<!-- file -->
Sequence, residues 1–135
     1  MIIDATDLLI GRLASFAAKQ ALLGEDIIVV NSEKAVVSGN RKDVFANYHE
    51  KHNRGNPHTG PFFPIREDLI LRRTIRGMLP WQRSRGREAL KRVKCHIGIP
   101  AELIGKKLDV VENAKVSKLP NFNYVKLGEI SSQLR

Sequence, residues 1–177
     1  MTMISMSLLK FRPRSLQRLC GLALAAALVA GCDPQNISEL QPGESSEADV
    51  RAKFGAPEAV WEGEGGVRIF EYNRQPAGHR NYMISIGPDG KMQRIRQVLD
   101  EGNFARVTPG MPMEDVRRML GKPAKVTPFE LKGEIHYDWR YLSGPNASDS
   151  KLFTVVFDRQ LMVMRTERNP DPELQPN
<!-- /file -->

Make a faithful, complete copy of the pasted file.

Sequence, residues 1–135
     1  MIIDATDLLI GRLASFAAKQ ALLGEDIIVV NSEKAVVSGN RKDVFANYHE
    51  KHNRGNPHTG PFFPIREDLI LRRTIRGMLP WQRSRGREAL KRVKCHIGIP
   101  AELIGKKLDV VENAKVSKLP NFNYVKLGEI SSQLR

Sequence, residues 1–177
     1  MTMISMSLLK FRPRSLQRLC GLALAAALVA GCDPQNISEL QPGESSEADV
    51  RAKFGAPEAV WEGEGGVRIF EYNRQPAGHR NYMISIGPDG KMQRIRQVLD
   101  EGNFARVTPG MPMEDVRRML GKPAKVTPFE LKGEIHYDWR YLSGPNASDS
   151  KLFTVVFDRQ LMVMRTERNP DPELQPN